Call: Robo-Philosophy 2020 Workshop – Social Models for Social Robotics

Call for Abstracts*

Robo-Philosophy 2020 Workshop – Social Models for Social Robotics
August 18-21, 2020 (Exact day to be announced)
Aarhus University, Denmark

Workshop Website:

Submission deadline: May 1

* NOTE: Depending on the development of the COVID-19 pandemic the conference may be carried out as an E-conference. Therefore, for organizational reasons, we would appreciate it if you could let us know in advance if you plan to submit. Do not hesitate to contact the organizers if you have any questions.


Social robotics is one of the most important emerging technologies with potentially profound socio-cultural impact. However, the current interdisciplinary research areas of “social robotics” and “Human Robot Interaction” (HRI) are not yet equipped with the necessary conceptual tools in order to design interactions between humans and robots. New approaches for effective yet context-adequate social interactions are needed, that observe overarching ethical principles and take larger socio-cultural perspectives into account.

Our social world is highly complex–the social context of a human-robot interaction consists of the multiplicity of roles, norms, conventions, and social practices that we, as humans, explicitly or implicitly define to handle our daily lives together. Even though roboticists did acknowledge this complexity from the very beginning of social robotics (cf. e.g. Breazeal, 2003), we still lack a general theoretical framework for describing a social interaction context, and stating general and specific requirements. This is partly due to the fact that social robotics and HRI are multidisciplinary fields. Researchers from social sciences (Seibt, 2014, 2020 Fiebich et al. 2015; Misselhorn 2015) have offered frameworks for the description of what can be called “asymmetric social interactions” (Seibt, 2014) between humans and robots, and for the evaluation of user experiences of such interactions as social. We can also rely on works about humans (Goffman, 1963; Pacherie, 2008; Vesper, 2010, 2017). But there is so far no general theory of social interaction that roboticists could directly apply in order to design robotic social actions.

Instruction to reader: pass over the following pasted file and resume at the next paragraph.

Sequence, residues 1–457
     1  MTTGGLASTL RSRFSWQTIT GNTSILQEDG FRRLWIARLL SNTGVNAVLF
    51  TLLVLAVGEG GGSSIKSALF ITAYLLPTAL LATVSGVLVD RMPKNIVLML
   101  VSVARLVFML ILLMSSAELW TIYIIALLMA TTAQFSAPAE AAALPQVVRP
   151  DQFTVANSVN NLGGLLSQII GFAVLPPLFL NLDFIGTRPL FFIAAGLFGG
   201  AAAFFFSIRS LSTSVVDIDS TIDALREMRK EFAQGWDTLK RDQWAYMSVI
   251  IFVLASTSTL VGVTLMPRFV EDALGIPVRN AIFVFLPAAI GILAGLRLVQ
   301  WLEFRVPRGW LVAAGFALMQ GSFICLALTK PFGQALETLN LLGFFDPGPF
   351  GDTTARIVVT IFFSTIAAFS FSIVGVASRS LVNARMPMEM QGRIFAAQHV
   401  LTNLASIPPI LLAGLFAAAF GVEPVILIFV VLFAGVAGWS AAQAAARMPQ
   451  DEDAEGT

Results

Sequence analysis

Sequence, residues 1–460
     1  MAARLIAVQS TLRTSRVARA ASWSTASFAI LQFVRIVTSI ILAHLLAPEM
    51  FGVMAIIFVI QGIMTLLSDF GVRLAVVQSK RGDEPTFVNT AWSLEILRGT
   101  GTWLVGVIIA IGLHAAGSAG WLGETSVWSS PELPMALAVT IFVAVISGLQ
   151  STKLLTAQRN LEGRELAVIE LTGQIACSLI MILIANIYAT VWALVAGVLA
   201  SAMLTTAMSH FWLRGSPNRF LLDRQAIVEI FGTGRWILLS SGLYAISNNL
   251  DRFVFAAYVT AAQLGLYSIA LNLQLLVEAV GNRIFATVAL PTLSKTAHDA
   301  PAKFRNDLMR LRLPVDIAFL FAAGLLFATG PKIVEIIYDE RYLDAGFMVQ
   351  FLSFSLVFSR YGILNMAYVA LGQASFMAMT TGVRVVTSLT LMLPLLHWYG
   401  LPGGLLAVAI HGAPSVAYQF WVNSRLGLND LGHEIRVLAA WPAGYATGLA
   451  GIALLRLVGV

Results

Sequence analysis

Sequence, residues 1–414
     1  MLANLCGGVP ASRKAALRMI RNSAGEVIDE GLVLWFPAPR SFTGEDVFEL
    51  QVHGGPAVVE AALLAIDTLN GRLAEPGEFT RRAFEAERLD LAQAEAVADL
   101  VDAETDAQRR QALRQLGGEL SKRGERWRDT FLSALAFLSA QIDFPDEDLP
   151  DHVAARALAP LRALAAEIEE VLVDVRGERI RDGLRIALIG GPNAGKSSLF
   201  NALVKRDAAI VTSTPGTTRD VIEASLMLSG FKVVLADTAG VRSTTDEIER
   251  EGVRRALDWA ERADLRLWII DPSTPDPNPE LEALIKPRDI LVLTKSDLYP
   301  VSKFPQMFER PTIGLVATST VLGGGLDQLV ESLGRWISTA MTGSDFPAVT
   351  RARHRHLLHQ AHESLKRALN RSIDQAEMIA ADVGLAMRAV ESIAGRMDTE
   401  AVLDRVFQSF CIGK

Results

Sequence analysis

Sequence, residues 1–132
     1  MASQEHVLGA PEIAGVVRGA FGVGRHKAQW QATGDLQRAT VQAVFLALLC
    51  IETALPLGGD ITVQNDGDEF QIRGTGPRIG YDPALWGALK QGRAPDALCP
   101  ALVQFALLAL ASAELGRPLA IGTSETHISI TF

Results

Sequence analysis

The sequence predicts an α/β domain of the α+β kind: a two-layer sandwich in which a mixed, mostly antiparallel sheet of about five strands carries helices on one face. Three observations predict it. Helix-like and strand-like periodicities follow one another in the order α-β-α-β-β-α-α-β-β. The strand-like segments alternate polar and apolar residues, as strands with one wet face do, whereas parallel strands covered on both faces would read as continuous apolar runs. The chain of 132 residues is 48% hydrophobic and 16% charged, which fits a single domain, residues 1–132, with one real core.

This workshop aims to be a place for an interdisciplinary discussion on this subject: How far can robots go–now and in the future–to fulfill the requirements of full-blown social agents? How and where do ethical requirements dovetail with the elements (conditions, principles, and procedures) for social agency?


We invite the submission of a long abstract: 2000 Words. The selected participants are expected to present their contribution in oral presentations. After being selected, a revised version of the paper must be sent for publication in the conference proceeding by June 1st.

For instructions and guidelines see the workshop papers related information at


Submission Deadline: May 1st
Notification of acceptance: May 15th
Camera-ready deadline: June 1st
Workshop: August 18-21 (exact day to be announced)


Aurélie Clodic (LAAS, CNRS, Toulouse, France) (
Frank Dignum (Umea University, Sweden) (
Víctor Fernández Castro (LAAS, CNRS, Toulouse, France) (
Raul Hakli (University of Helsinki, Finland) (


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